Comcast suffers another viral meltdown: Refuses to cancel 86-year-old stroke victim's service


Despite sizable investments into customer service the last few years, and some improvement in customer satisfaction surveys, Comcast is still experiencing embarrassing service lapses that then get virally distributed on the internet. 

The latest incident is a rather heartbreaking one. Salon journalist Erik Lundegaard details his 86-year-old mother’s stroke, and how he and his sister deal with her finances and elderly care. Once again, Comcast is portrayed as the bad guy, unwilling to let the son cancel the mother’s $126-a-month cable service without power of attorney. 

Comcast didn’t immediately respond to FierceCable’s inquiry for comment. 

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RELATED: Comcast to hire 5,500 new workers, spend $300M to bolster customer service

“It took about five minutes of press-1, press-2 hoops before I finally got a rep on the line,” Lundegaard said. “Initially she told me I couldn’t cancel my mother’s account because I wasn’t on the account. When I explained the situation -- stroke, unable to speak -- she expressed sympathy, then asked a series of questions. Then she asked: “Do you have power of attorney?”

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Lundegaard described how both he and his sister were taken aback by they inquiry, noting that his mother’s other service providers did not require such a document.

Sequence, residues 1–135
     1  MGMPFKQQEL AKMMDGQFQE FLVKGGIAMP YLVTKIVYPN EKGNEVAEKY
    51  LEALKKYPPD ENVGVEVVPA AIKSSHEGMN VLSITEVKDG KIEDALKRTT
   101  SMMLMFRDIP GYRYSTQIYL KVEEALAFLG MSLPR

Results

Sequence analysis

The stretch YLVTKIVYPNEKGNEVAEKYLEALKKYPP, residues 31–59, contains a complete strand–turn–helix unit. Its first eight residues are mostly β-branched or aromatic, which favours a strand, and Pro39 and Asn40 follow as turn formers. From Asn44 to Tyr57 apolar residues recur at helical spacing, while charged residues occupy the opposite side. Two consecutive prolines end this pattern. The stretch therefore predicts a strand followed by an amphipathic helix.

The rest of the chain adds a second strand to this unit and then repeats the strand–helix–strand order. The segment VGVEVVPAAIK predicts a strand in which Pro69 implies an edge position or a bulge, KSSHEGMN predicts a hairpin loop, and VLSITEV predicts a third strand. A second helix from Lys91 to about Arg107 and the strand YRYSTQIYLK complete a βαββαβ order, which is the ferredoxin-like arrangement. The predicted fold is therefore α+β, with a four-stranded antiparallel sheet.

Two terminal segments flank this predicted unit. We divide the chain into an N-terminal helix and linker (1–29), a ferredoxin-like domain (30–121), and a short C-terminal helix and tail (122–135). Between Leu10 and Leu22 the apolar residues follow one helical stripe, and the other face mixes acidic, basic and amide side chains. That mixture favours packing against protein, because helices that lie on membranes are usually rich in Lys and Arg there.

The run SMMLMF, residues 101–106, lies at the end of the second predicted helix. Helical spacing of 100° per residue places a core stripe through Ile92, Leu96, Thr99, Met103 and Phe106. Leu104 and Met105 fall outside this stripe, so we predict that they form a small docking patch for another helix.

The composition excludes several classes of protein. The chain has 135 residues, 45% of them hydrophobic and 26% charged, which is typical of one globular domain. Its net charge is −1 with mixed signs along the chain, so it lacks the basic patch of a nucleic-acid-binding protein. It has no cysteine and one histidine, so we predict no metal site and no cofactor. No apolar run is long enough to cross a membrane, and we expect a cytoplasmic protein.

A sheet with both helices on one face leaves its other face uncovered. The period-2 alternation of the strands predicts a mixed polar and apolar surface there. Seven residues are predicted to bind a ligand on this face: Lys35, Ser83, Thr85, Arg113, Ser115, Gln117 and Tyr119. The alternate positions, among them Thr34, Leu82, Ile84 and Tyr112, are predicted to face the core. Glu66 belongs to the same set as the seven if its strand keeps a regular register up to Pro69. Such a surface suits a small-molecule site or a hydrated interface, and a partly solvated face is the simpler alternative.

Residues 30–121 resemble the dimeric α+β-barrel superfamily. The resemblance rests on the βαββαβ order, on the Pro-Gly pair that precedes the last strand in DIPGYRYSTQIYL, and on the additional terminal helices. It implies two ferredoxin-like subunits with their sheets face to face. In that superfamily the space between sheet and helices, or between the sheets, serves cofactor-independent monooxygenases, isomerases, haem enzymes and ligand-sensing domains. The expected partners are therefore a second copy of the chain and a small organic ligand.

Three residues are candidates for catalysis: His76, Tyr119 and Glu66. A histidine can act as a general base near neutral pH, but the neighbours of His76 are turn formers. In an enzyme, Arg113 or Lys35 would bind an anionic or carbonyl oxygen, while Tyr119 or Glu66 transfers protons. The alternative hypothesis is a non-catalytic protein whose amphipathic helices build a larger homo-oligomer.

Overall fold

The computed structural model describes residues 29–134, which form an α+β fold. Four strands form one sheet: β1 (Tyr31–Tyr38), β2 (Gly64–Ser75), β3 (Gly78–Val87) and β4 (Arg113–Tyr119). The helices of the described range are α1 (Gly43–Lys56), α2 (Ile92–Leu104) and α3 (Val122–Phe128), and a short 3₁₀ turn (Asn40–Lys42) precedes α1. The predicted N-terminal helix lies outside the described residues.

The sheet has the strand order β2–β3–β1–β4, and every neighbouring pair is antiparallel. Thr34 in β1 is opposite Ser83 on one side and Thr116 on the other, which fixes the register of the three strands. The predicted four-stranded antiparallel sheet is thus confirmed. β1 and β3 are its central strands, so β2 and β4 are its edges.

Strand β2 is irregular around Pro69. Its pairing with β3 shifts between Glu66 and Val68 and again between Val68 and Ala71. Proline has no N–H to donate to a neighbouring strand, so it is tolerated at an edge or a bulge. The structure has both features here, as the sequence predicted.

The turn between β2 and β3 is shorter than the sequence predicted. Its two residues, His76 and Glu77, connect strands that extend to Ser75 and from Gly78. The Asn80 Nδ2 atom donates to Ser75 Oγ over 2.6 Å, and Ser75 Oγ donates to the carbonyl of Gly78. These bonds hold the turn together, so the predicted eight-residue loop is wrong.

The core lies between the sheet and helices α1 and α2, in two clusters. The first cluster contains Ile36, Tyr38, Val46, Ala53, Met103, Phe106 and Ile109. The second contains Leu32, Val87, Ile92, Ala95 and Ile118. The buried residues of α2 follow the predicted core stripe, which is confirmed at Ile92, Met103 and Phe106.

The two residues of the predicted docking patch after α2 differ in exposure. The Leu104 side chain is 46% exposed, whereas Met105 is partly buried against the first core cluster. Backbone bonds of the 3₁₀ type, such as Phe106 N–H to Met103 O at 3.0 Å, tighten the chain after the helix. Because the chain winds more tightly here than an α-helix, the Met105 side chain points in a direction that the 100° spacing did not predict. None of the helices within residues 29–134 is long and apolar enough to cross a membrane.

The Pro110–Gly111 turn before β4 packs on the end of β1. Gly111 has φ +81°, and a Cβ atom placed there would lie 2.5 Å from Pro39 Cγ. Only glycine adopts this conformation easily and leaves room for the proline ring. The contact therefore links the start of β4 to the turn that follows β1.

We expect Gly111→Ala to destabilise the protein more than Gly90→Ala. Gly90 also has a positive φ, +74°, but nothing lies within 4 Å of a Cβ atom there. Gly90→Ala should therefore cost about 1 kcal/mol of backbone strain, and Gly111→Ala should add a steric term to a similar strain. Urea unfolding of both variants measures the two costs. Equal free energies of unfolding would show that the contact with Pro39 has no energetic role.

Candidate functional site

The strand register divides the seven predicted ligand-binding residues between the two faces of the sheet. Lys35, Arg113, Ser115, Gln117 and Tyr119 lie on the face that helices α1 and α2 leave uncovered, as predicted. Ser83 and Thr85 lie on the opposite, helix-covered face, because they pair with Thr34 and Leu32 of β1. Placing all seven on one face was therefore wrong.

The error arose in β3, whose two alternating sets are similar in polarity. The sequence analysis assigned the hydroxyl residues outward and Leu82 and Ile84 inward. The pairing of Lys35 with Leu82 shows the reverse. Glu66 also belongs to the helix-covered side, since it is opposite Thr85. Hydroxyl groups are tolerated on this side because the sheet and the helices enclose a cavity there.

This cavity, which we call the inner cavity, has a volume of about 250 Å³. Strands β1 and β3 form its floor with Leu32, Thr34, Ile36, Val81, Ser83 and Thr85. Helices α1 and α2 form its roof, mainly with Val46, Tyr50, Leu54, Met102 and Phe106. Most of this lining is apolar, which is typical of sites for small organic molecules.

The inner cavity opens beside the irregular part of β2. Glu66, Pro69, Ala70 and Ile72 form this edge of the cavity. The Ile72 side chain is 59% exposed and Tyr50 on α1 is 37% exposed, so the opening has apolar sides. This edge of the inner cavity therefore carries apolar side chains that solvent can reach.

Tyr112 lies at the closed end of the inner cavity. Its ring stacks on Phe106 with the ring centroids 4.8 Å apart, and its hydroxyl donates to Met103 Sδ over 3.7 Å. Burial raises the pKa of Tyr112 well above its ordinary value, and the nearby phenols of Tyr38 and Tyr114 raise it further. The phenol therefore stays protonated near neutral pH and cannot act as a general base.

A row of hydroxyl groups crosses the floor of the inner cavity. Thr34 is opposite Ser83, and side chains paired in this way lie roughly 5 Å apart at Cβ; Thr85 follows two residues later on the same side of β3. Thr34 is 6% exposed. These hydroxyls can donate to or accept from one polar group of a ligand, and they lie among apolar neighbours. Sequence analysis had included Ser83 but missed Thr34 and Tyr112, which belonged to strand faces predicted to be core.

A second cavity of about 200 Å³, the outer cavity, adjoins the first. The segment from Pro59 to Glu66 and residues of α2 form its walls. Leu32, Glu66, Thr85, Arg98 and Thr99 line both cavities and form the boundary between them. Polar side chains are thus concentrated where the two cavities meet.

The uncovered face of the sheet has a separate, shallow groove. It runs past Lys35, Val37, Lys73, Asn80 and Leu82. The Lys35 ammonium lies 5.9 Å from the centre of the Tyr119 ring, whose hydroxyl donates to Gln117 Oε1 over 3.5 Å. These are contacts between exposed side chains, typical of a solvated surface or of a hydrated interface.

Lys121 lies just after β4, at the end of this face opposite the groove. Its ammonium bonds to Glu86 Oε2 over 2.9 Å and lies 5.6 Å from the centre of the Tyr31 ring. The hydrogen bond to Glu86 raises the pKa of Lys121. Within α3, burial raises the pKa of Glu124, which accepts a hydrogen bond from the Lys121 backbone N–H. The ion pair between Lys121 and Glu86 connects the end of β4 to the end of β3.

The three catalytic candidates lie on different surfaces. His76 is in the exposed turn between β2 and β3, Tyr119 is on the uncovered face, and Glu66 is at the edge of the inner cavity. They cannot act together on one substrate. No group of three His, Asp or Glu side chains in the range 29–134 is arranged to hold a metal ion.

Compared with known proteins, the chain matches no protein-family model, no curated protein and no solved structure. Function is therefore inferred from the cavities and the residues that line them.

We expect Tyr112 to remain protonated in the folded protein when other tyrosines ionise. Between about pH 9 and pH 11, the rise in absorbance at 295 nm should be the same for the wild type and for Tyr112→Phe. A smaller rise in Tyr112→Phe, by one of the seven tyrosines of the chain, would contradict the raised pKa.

“To cancel my mother’s account, I was told, I needed to take the cable box and remote to the nearest Xfinity office, along with proof of power of attorney, and then they’d be happy to do it,” he said.

Lundegaard then detailed how he visited the Comcast facility and was once again told he needed power of attorney. 

“‘Yes,’ I said, 'but we don’t have it and my mother can’t give it.’ I got a blank look,” he said. “Over the weekend we’ve canceled my mother’s cell phone, her newspaper. 'No other company is asking for power of attorney.' Still blank. 'Surely, Comcast isn’t going to keep billing my mother in perpetuity for a service she can’t use.' Nada.”

Lundegaard didn’t describe the rep as being cooperative when he tried to escalate the situation to a customer service manager. After several more follow-ups, he said was able to get a more sympathetic company rep to cancel the service.

“All in all, during a week in which I had no time to spare, it had taken Comcast almost two hours of my time to perform this very simple task of customer service,” Lundegaard added. 

In 2014, Comcast endured a series of embarrassing customer service interactions that were recorded and went viral. The company has since invested $300 million in improving customer service systems and hiring new staff. But as this latest incident proves, the MSO still has a ways to go. 


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